Since it does begin with financial manipulation, has it educated you about where you keep your money and made you a little more wary about which institutions you trust?
Sutherland: I’m pretty luddite with regards to that. The most important kind of thing that I ever needed to understand with regards to creating a financial portfolio and planning for retirement was diversify, diversify, diversify. Yesterday [March 10], we had the second largest bank collapse [Silicon Valley Bank] in American history. They collapsed because they weren’t diversified. So I don’t get too exotic. I’m not Ashton Kutcher. I wish I was that clever, so I don’t get too exotic with my finances, but I’m certainly aware of the fact that the FDIC only protects $250,000 per account. Why would you be so silly to leave millions and millions of dollars in a bank uninsured? But again, it’s a complicated world and technology is what’s driving a lot of this. So it’s a fascinating thing and I’m sure there will be some investors on Wall Street that will watch this show and it might change their point of view about what to do with their money and how to protect it.
(Photo by Michael Gibson/Paramount+)
On your network shows, you had to use clean language, even in the most dangerous crises. Has it been freeing to be able to use streaming language on Rabbit Hole and swear when John gets really freaked out?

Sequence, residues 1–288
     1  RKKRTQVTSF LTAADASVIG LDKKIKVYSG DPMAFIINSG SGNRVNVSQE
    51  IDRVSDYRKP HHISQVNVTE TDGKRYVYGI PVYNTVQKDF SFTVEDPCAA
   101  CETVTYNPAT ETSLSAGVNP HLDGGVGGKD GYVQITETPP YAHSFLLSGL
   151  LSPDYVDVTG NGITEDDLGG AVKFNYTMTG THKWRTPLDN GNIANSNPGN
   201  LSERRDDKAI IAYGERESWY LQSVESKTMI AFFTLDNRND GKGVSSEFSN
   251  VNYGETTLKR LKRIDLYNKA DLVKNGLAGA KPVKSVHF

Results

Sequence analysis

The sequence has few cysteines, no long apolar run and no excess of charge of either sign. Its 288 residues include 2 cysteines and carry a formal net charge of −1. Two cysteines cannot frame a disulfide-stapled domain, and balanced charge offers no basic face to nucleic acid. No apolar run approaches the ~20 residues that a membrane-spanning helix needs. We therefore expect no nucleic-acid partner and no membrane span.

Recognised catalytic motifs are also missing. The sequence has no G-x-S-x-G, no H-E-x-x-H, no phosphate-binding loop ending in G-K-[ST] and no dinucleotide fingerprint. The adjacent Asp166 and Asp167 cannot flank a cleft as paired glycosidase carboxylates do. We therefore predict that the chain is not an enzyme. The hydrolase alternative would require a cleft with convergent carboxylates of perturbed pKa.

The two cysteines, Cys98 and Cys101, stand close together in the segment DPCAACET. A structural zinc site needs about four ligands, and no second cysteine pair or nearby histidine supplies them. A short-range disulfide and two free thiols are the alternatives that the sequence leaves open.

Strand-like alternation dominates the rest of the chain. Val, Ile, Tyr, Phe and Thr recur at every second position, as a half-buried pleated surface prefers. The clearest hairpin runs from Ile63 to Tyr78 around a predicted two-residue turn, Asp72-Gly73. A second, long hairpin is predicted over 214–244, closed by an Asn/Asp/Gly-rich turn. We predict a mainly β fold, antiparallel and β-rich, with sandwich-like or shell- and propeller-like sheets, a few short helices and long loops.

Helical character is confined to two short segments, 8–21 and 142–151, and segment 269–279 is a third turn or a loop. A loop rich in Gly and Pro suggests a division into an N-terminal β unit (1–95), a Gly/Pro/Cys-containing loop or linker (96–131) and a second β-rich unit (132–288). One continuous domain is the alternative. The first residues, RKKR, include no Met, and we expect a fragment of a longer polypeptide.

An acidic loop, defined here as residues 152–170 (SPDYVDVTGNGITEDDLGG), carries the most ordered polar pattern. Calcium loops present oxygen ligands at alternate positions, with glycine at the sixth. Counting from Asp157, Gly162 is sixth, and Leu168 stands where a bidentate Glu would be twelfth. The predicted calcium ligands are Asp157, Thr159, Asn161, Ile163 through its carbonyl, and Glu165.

Sutherland: You know what’s funny? No, it hasn’t been. When I was doing Designated Survivor, the first two seasons were on ABC and the third season was on Netflix. I swore once to make a point in the scene, and I could’ve found seven different words to do that as well. So I was surprised by that. That’s probably a very different answer than I probably would have given you at 25. It’s used as an expletive more than a swear word for me, almost like a rhythm punch, but I didn’t find it freeing creatively. Having done 13 years of network television, I thought it would. Maybe I’ve just been beaten into submission, but it didn’t make much of a difference for me.
(Photo by Michael Gibson/Paramount+)
Has every show since 24 been easier since there’s only one screen and you’re not filming four screens simultaneously?
Sutherland: We’re certainly not showing four screens simultaneously. In 24, the truth is I still worked with one camera. There might have been a B or C camera even set up, but I was really focused on my main camera. So my relationship with the camera didn’t change during the dynamics of 24 vs. any other show. 24 comparatively though is just grueling, right? It was very physical, and we were making 24 episodes. We were making the equivalent of 12 feature films a year. Those were being written from the ground up. These were not old scripts, so that part of it was really hard. Designated Survivor not much easier. We were doing 22 episodes then. So I have to be honest, when people started complaining about doing eight episodes, I would laugh at them which I enjoyed doing a little. To do eight episodes well is really hard, but historically, for me at least, it was a much kinder schedule.
(Photo by Marni Grossman/Paramount+)